The first time a potential client says you must carry $1 million in general liability coverage (or more) to win their business, the tendency is to freak out! But there's no need to worry – the most commonly required insurance is probably much cheaper than you imagine, and we're here to help you figure it out.
Because business insurance is not the most exciting topic, it often falls to the bottom of the Solo PR Pro’s to do list. But while plenty of potential clients will never even ask if you carry it, you shouldn't be surprised to see millions of dollars of business insurance requirements specified as part of a standard contract.
In addition to showing clients that yours is a “real” business and not a fly-by-night operation, the right kind of business insurance policies can protect you from a rainy day and give you peace of mind, too. Though this post is not a substitute for the advice of an insurance professional, we're here to share the good news about the different types of business insurance available, so you can be ready if/when you need it.
Commercial General Liability
This is the “business liability” insurance that clients most often ask you to have. Why? Because this type helps protect them from costly lawsuits if, for example, you injure someone while driving on business on their behalf.
Here's the good news: it's relatively cheap! Fortunately, your homeowner’s insurance carrier can usually provide this for you, and it's typically around $200-$300 dollars a year (likely a small percentage of your fees in the client contract you're reviewing).
Professional Liability Coverage (Errors and Omissions)
Because of its relatively high cost, whether to purchase “E&O” insurance is a tough judgment call for many independent consultants. It’s designed to protect you from any financial loses your work may inadvertently cause a client, due to negligence or inadequate quality controls. It's actually an unpopular type of policy to write among insurers, so you may have difficulty finding a company who even wants to sell it to you.
Here's the good news: When you analyze your options, take into account the industries you serve and the amount of litigation in them against consultants, as well as your level of exposure. Many communications consultants determine that their risk is low, and opt not to purchase this type of insurance.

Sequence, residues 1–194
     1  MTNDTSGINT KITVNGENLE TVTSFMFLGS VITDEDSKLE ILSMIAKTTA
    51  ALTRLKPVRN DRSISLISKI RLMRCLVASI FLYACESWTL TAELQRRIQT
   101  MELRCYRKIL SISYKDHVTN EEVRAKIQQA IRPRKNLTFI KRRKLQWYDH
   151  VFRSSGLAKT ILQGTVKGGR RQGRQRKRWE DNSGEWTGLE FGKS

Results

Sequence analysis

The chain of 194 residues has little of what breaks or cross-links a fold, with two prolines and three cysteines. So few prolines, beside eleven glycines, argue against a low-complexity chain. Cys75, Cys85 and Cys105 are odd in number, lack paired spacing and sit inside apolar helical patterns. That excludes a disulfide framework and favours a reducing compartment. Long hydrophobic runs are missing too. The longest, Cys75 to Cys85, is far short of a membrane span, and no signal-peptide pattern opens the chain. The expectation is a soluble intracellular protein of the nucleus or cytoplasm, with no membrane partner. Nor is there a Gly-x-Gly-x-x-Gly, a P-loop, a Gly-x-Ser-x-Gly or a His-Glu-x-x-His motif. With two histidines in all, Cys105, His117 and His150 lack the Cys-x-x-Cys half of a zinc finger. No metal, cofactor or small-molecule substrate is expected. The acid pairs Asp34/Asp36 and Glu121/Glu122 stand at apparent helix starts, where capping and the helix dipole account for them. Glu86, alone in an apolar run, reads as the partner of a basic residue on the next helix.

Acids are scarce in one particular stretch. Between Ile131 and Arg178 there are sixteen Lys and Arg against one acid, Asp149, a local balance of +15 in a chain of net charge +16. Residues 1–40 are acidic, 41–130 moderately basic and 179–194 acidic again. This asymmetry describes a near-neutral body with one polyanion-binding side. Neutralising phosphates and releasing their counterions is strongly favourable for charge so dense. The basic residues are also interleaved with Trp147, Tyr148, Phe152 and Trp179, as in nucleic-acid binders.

E&O insurance is best purchased through an insurance broker (as providers vary by state) – ask your homeowner or car insurance provider for a broker recommendation.
Business Property Coverage
This insurance protects your building, its contents, and against loss of income. If you work from home, a certain amount of business property coverage may be included in your homeowner’s policy, so be sure to ask.
Here's the good news: If you need this additional coverage, the same company you work with on your home and/or car insurance can usually provide you with this type – at a discount.
Business Interruption Coverage
This coverage protects against losses due to a temporary shutdown (as with a fire), and provides reimbursement for lost net profits and necessary continuing expenses. Though it sounds good, be sure to crunch the numbers and read the fine print: sometimes you must be out of work for several months before it kicks in.
Here's the good news: You may be better off putting the money this policy would cost into savings (which you could tap in the event of an emergency).
Personal Liability Umbrella (Excess Liability Policy)
This insurance provides protection once the limits of a standard liability policy have been met. Though this is not technically business insurance and it won't satisfy Commercial General Liability requirements, it can sometimes be combined with your other policies at a given insurance carrier (if you have both business and personal with the same company) at a steep discount, giving you more coverage in all aspects of your life.
Here's the good news: Again, you can ask your regular ol' home/auto insurer about these types of policies, and what they cover. I have one through State Farm, and I find it helps me sleep better at night.
What's been your experience with business insurance? Share your lessons learned in the comments!
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